03 April 2012

Cat Harbor Overlook

Nuts and Bolts:
Date: 1 April 2012
Who Hiked: Me, Hubby, Things 1 and 2
Route: Trans-Catalina Trail to Cat Harbor Overlook Road
Time: ~1330 - 1530
Weather: sunny and very windy
Distance: 3.9 miles

Elevation Range: 0 - 955 ft, 1452 ft total ascent
Profile coming -- still working the bugs out of the new computer.

This hike is a good out-and-back route for people staying in Two Harbors. The view from the top is phenomenal -- you can see much of the middle and western portion of Catalina. On days with decent visibility, you can see San Clemente Island and (if it's really clear) San Nicolas Island.

Take the Trans-Catalina Trail (the old Banning House Road) uphill more or less the entire way to the Cat Harbor Overlook road. The TCT is steep and steeper, but Cat Harbor Overlook road rolls up-and-down along the ridge. Soon you'll find yourself enjoying the views rather than thinking about the climbs. At the end of the Overlook road, there's a flat area to relax and enjoy the view of Cat Harbor and the back side of the island.

27 March 2012

WMSC Nature Trail

Bird Rock
I have hiked this trail a number of times over the last several years, but have never written a blog entry for it. There are plenty of things to see on this short hike (less than a mile). In particular, this hike is special because (1) it has switchbacks, (2) it gives you a great view of Isthmus Cove, the Wrigley Marine Science Center (WMSC), and Empire Landing, and (3) it is an awesome place to see wildflowers in the winter and spring.

21 March 2012

A Struggle between Conservation, Education, and Recreation

I just read this story in the LA Times about conflicts between science and tourism on Catalina.

The mission statement of the Conservancy is "to be a responsible steward of our lands through a balance of conservation, education, and recreation." It's a great mission statement until you start defining the word "balance" -- are all three prongs of the mission statement equal? Or are some more important than others?

That's what is driving the current war of words between biologists and other Conservancy management. Biologists like Carlos de la Rosa, who until recently was the Chief Conservation Officer for the Conservancy, believe that the organization is neglecting part of its mission (conservation and education) in favor of recreation. The Conservancy recently announced a 20-year plan that centers on increasing tourism opportunities in Avalon.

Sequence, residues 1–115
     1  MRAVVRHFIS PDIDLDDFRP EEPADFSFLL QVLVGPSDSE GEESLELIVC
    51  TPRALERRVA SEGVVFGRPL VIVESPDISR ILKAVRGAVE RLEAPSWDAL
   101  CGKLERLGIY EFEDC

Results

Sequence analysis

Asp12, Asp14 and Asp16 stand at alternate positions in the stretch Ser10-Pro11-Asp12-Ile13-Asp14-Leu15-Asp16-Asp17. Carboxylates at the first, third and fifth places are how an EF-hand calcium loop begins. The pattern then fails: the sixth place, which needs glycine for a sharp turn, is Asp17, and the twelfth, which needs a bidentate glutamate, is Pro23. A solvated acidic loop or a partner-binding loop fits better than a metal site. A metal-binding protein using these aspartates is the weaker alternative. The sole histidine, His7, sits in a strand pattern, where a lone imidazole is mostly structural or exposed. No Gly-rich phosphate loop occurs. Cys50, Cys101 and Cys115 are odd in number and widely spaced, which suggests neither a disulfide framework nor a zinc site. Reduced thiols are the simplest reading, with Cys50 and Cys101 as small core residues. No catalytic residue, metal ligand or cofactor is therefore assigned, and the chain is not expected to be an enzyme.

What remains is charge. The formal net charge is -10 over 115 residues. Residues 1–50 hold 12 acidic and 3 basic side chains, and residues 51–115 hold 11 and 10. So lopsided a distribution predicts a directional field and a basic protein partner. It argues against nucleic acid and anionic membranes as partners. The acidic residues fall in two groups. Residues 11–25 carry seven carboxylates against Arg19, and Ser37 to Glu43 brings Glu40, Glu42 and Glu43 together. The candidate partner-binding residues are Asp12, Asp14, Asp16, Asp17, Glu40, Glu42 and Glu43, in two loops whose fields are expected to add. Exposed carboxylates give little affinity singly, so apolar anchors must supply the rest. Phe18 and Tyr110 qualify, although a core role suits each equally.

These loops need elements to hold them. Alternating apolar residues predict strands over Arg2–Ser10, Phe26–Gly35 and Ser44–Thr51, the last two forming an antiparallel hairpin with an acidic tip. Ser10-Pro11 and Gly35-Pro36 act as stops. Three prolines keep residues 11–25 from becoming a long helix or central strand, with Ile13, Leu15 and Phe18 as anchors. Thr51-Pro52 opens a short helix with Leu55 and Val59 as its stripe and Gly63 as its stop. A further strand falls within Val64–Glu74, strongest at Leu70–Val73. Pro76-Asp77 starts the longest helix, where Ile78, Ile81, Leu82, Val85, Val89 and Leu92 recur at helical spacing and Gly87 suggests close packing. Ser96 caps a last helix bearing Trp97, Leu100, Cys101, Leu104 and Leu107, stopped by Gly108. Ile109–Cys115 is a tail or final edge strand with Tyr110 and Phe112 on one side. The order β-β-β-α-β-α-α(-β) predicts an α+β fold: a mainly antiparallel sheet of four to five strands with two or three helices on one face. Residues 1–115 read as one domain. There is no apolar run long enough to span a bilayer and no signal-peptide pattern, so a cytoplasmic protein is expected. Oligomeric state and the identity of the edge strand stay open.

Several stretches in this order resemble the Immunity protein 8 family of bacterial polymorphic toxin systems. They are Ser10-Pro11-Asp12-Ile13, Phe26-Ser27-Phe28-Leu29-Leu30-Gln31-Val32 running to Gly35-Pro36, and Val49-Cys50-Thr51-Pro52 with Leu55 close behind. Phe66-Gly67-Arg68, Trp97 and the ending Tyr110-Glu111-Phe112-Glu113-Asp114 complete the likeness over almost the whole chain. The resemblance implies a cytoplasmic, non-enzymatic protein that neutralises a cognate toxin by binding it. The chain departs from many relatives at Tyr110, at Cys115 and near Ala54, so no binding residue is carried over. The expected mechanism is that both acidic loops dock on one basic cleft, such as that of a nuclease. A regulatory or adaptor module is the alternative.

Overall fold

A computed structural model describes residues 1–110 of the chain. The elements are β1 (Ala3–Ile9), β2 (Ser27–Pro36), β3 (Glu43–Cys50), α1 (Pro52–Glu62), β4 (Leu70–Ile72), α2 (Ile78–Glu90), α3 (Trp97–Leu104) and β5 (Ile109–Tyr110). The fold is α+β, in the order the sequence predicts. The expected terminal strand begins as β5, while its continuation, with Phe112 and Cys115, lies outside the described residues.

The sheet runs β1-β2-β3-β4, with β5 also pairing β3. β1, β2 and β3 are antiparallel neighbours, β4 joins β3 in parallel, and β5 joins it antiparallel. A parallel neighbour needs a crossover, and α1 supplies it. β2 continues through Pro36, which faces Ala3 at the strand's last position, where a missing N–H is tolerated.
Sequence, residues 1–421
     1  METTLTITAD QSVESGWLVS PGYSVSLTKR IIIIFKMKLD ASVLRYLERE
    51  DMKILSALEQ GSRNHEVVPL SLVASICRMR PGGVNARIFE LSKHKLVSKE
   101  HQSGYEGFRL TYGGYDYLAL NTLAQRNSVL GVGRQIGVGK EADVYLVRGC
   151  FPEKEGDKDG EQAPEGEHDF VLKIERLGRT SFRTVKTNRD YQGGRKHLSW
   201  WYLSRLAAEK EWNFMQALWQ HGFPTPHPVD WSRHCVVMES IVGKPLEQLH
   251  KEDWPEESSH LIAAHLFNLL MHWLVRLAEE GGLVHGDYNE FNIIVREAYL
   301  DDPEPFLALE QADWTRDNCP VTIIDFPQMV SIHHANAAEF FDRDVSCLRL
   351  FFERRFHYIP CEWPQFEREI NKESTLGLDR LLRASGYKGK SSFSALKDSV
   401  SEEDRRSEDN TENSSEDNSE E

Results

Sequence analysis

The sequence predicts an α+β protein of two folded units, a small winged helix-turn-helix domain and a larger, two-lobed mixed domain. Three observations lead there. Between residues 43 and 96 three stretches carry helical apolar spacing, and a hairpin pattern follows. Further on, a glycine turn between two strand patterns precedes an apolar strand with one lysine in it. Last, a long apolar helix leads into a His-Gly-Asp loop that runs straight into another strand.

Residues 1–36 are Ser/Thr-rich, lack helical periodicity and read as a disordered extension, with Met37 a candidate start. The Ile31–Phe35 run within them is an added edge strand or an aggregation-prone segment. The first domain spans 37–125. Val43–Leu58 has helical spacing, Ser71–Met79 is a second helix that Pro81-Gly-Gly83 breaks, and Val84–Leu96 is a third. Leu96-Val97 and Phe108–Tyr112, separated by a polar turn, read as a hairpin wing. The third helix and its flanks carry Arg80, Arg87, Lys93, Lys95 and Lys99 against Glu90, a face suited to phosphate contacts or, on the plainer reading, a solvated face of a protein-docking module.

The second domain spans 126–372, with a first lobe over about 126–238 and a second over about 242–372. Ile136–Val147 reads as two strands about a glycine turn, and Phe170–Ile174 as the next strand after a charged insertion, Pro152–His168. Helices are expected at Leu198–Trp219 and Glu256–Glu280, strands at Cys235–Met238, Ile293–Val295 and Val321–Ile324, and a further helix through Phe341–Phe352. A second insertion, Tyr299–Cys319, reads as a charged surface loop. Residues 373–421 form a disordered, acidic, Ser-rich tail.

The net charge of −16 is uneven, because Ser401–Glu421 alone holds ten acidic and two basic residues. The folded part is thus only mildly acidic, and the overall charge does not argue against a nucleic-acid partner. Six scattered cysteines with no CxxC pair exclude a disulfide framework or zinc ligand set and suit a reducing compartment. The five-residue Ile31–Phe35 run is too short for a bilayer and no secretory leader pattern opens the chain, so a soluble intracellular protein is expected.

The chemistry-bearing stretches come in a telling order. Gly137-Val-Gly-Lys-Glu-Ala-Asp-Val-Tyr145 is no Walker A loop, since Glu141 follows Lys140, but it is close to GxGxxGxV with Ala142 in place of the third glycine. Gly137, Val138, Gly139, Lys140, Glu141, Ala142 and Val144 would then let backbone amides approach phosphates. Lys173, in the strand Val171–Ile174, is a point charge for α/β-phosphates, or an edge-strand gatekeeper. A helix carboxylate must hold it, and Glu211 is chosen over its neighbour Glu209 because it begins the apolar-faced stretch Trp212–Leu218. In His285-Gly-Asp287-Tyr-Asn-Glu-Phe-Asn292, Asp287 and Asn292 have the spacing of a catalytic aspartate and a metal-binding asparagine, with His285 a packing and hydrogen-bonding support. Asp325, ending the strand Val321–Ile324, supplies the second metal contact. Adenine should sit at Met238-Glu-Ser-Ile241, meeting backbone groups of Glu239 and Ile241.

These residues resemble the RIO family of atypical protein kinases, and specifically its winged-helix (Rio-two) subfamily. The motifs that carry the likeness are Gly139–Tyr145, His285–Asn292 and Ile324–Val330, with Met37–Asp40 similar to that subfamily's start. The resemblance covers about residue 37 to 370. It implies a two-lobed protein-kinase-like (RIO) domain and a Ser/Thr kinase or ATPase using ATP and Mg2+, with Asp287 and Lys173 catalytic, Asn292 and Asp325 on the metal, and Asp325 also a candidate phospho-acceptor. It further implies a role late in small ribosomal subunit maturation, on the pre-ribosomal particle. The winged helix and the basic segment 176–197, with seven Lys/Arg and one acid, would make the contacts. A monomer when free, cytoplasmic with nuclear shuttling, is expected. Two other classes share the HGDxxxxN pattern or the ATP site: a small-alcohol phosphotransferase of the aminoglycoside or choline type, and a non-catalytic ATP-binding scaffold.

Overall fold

If done well, investments in recreation should provide a profit for the Conservancy. Ostensibly these profits are then rolled into conservation and education efforts, but researchers living at the Conservancy headquarters in Middle Ranch are not convinced they'll see a big payoff from efforts to boost tourism in Avalon.

I think the Conservancy has "Zip-line envy".  The Zip-Line Ecotour in Avalon has been wildly successful, turning a profit much sooner than the Santa Catalina Island Company had expected. I haven't taken the tour yet, so I reserve judgement on how "eco" the tour actually is.

Regardless of the educational value of the zip-line, it is commercially successful and I think that the Conservancy is wondering how to get some of that action. Time will tell if this bias is temporary or permanent and if conservation and education reap the benefits of the Conservancy's current focus on recreation.

Flip-Flops and Foster's

I am routinely surprised by the unprepared people I meet on the trail. I'm probably over-prepared for hiking, with extra water, a small first-aid kit, hiking shoes, and a map of where I'm hiking. But I've made the mistake of being under-prepared for hiking (Grand Canyon, 1997) and I'm not making that mistake again.

To illustrate my point:

On our recent hike from the Airport to Two Harbors on the Trans-Catalina Trail (TCT), Thing 1 and I met up with a couple who had hiked into Little Harbor from Two Harbors. They looked to be about my age and mentioned that they had been visiting the island for years. They were very nice folks, but I had to roll my eyes when I saw that she was shod in flip-flops and he was killing off a big oilcan of Foster's beer.

Realize this: she walked 11 miles in flip-flops that day. Were they really so comfortable after 11 miles? Wouldn't shoes with, say, arch support have felt better?  Or perhaps shoes with captured heels? I talked to her on the trail a bit -- she told me that her feet were slipping out of her "shoes" as she was climbing the very steep ridge out of Little Harbor. She was lucky that was all that happened.  I've seen some gnarly injuries on the feet of people wearing flip-flops in the field: bloody scrapes, nasty gashes, gruesome toe injuries... Flip-flops: OK for around town, bad for the trail.